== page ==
father threw me oflf years ago, and I am better able to fight the
battle of life now than I was then. I ask nothing of him — not
even his name. If you speak of other consequences — of what
may ensue when his hosts shall learn the fraud he has practised

on them " It was only as the fatal word fell from me that

I felt how cruelly I had spoken, and I stopped and took her
hand in mine, saying, " Do not be angry with me, dear friend,
that I have spoken a bitter word ; bear with me for her sake,
who has none to befriend her but myself."

She made me no answer, but looked out cold and stern into


vacancy, her pale features motionless, not a line or a lineament
betraying what was passing within her.

" Why remain here then to provoke a catastrophe ? " cried
she suddenly. " If you have come for pleasure, you see enough
to be aware there is little more awaiting you."

" I have not come for pleasure. I am here to confer with
Count Hunyadi on a matter of business."

" And will some paltry success in a little peddling contract
for the Count's wine, or his olives, or his Indian corn, compen-
sate you for the ruin you may bring on your father ? Will it
recompense you if his blood be shed ? "

There was a tone of defiant sarcasm in the way she spoke
these words that showed me, if I would not yield to her persua-
sions, she would not hesitate to employ other means of coercion.
Perhaps she mistook the astonishment my face expressed for
terror ; for she went on : "It would be well that you thought
twice over it ere you make your breach with your father irrepar-
able. Remember it is not a question of a passing sentimentality,
or a sympathy, it is the whole story of your life is at issue. If
you be anything, or anybody, or a nameless creature, without
belongings or kindred."

I sat for some minutes in deep thought. I was not sure
whether I understood her words, and that she meant to say it
lay entirely with my father to own or disown me, as he pleased.
She seemed delighted at my embarrassment, and her voice rung
out with its own clear triumphant cadence, as she said, " You
begin at last to see how near the precipice you have been

" One moment, madam," cried I. "If my mother be Lady


Norcott, Sir Roger cannot disown me ; not to say that already,
in an open court, he has maintained his right over me and
declared me his son."

" You are opening a question I will not touch, Digby," said
she gravely — " your mother's marriage. I will only say that the
ablest lawyers your father has consulted, pronounce it more than

" And my father has then entertained the project of an
attempt to break it."

"This is not fair," cried she, eagerly; "you lead me on
from one admission to another till I find myself revealing con-
fidences to one who at any moment may avow himself my

I raised my eyes to her face, and she met my glance with a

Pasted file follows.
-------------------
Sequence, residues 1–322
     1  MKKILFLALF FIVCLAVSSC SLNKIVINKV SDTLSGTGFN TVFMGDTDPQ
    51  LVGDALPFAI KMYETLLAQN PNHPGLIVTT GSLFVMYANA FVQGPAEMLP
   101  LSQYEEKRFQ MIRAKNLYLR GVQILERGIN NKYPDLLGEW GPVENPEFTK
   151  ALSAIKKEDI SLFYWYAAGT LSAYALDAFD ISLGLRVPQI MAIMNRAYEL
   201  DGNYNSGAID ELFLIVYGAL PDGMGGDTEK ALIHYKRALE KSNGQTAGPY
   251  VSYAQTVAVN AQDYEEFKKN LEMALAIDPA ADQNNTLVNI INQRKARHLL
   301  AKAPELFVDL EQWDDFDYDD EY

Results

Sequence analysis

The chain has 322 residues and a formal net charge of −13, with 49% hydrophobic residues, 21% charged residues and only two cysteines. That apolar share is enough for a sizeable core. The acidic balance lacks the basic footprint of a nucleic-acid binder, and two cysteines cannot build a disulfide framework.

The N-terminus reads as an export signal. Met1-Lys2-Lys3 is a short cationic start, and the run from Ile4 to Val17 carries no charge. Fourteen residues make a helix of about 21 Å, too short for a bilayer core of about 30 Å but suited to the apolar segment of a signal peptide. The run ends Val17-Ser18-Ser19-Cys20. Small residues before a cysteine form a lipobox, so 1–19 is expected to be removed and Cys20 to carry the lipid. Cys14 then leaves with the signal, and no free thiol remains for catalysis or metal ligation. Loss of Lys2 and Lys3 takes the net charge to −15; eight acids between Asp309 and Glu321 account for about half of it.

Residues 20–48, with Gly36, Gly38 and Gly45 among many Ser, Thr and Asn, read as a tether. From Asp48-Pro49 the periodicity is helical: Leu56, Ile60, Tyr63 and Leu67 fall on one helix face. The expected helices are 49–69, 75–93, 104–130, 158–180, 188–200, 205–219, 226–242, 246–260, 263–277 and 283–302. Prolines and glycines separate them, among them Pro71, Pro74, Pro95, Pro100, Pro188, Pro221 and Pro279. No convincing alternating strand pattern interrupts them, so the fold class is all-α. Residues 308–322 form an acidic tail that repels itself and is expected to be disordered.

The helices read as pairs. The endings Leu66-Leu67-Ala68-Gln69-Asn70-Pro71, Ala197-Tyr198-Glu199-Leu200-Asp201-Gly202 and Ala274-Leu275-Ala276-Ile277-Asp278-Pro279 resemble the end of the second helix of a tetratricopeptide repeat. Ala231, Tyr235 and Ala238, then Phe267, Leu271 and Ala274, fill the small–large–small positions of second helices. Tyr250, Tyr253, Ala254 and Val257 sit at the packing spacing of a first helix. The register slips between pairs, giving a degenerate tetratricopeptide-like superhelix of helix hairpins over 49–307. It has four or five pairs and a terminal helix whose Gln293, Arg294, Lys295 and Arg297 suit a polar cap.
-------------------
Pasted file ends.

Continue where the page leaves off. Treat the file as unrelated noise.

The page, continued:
look cold, stern, and impassive, as though she would say,
" Choose your path now, and accept me as friend or foe." All
the winning softness of her manner, all those engaging coquetries
of look and gesture, of which none was more mistress, were gone,
and another and a very different nature had replaced them.

This then was one of those women all tenderness, and
softness, and fascination, but who behind this mask have the
fierce nature of the tigress. Could she be the same I had seen
so submissive under all the insolence of her brutal husband,
bearing his scoffs, and his sarcasms, without a word of reply ?
Was it that these cruelties had at last evoked this stern spirit,
and that another temperament had been generated out of a nature
broken down and demoralized by ill treatment ?

" Shall I tell you what I think you ought to do ? " asked she
calmly. I nodded assent. " Sit down there, then," continued


she ; " and write these few lines to your father, and let him have
them hefore he returns here."

" First of all, I cannot write just now, — I have had a slight
accident to my right arm."

" I know," said she, smiling dubiously. " You hurt it in
the riding-school ; hut it's a mere nothing, is it not ? "

I made a gesture of assent, not altogether pleased the while
at the little sympathy she vouchsafed me, and the insignificance
she ascribed to my wound.

" Shall I write for you, then ; you can sign it afterwards ? "

" Let me first know what you would have me say."

"Dear father. — You always addressed him that way?"


" Dear father, I have been here some days, awaiting Count
Hunyadi's return to transact some matters of business with him,
and have by a mere accident learned that you are amongst his
guests. As I do not know how, to what extent, or in what

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Online LibraryCharles James LeverThat boy of Norcott's → online text (page 15 of 17)